- Rt. Hon. Alex Salmond MSPFirst Minister of Scotland
Order a Public Inquiry into the Edinburgh Trams Project
The Edinburgh Trams Project was meant to deliver three new public transport routes across the City. Instead, for an "official" budget of £776 Million, the City only managed to build one.
Unfortunately, The Edinburgh Trams Project was fraught with maladministration, delays and overspends. The circumstances of which were all kept secret and away from public view.
Additionally, at a time when both the City of Edinburgh Council and the Scottish Government were pushing through cuts to essential public services - used by the most vulnerable - public money continued to be allocated to the Edinburgh Trams project.
The cost of the Edinburgh Trams Project works out at around £1800 for every resident of the city.
During construction, the City Centre and the peripheral areas became a building site, lasting for over 6 six years.
The residents and businesses of Leith endured heavy disruption in particular. But as a direct consequence of the maladministration, don’t have the Tram line they were promised.
Politicians and public officials have consistently resisted calls for full disclosure of the Edinburgh Trams project finances and administration. This lack of accountability and lack of transparency has infuriated the public.
In June 2011, and as a result of growing public pressure, Kezia Dugdale MSP for the Lothian region, challenged Alex Salmond MSP, the First Minister of Scotland, to convene a public inquiry.
Alex Salmond agreed that a Public Inquiry would be "an excellent thing to do" but to date, has done nothing to follow through.
The Transport Minister, Keith Brown MSP, also stated in writing on the 14 October 2011 that the Scottish Government will be "delighted to have a public inquiry into the problems surrounding this [edinburgh trams] project" and would do so when "the full circumstances could be examined"
The Citizens of Edinburgh and of Scotland have the right to ask questions of their politicians and public officials. The public also the right to a full count and reckoning concerning the project as a whole.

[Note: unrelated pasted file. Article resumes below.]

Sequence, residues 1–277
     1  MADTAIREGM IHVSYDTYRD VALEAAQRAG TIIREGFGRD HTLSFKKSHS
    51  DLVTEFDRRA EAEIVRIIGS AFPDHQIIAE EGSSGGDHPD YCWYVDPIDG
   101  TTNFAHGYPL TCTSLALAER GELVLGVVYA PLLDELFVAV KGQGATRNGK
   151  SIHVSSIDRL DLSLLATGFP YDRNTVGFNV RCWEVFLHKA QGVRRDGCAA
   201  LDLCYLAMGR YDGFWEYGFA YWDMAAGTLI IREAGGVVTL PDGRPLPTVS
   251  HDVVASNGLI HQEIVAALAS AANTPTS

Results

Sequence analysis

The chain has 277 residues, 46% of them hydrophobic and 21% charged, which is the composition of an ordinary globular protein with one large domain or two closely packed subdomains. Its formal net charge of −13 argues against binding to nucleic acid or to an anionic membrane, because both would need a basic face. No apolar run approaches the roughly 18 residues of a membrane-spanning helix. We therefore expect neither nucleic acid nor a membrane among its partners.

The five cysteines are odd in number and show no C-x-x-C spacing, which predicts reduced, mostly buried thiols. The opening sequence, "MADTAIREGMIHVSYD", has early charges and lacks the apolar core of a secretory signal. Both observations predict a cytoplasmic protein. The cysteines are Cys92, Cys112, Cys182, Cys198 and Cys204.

The £776 Million spent has to be properly accounted for.
Lessons also have to be learned concerning how large scale, public infrastructure projects of this type are procured, managed and audited for public value.
The public, having endured cuts to their essential public services, rightly expect nothing less.
If lessons are not learned from the Edinburgh Trams Project, there is a real risk that we will all pay the price again in the future.
The Tram Line opens on Saturday 31st May 2014.
The circumstances are now right, there can be no further excuse for delay.
It’s now time for the Public Inquiry.
- First Minister of Scotland
Rt. Hon. Alex Salmond MSP
Order a Public Inquiry into the Edinburgh Trams Project
The Edinburgh Trams Project had an "official" final budget of £776 Million. This amounts to approximately £1800 for every resident of the City of Edinburgh.
However, this Project was fraught with maladministration, it suffered for internal contractual disputes, it was delayed by at least three years and did not deliver the three public transport routes promised.
The circumstances surrounding the Project continue to remain shrouded in secrecy.
Politicians and public officials are reluctant to be drawn on questions concerning the finances or the administration of the project.
The lack of transparency and poor financial management of this project is damaging to Edinburgh and Scotland as a whole at a time when our Country is in the spotlight.
The public and businesses in Edinburgh are angry and have tried to seek answers for years.
During the past seven years, we were repeatedly asked to endure cuts to essential public services because of financial constraints yet at the same time the Edinburgh Trams Project was allowed to spiral out of financial control.
The beauty of the City was ruined when the city centre and peripheral areas were turned into a building site.
The people and businesses of Leith endured years of road works and many businesses lost out because of a downturn in footfall trade.
The Tram does not even reach Leith as originally planned.
In August 2011 you stated that a public inquiry would be an "excellent thing to do". This commitment was backed up, in writing, by the Transport Minister, Keith Brown MSP.
He stated that your Government would be "delighted" to convene a public inquiry when the "circumstances are right".
The Edinburgh Tram becomes operational on Saturday 31st May 2014.
The circumstances are now right for a public inquiry yet your Government has not taken any steps to order a public inquiry as promised.
The citizens of Edinburgh and of Scotland have the right to ask questions about the Edinburgh Trams Project as they do of any large scale public expenditure project.
The public also expects a full count and reckoning concerning this project as a whole.
It is clear that lessons have to be learned from the Edinburgh Trams Project in order to improve the management and financial auditing of future public works.
The Referendum on Scottish Independence takes place in September this year. The eyes of the world are on Scotland and the Scottish Government is under international scrutiny.
Order a public inquiry now. Honour your Government's commitment to the people of Edinburgh and the Citizens of Scotland.
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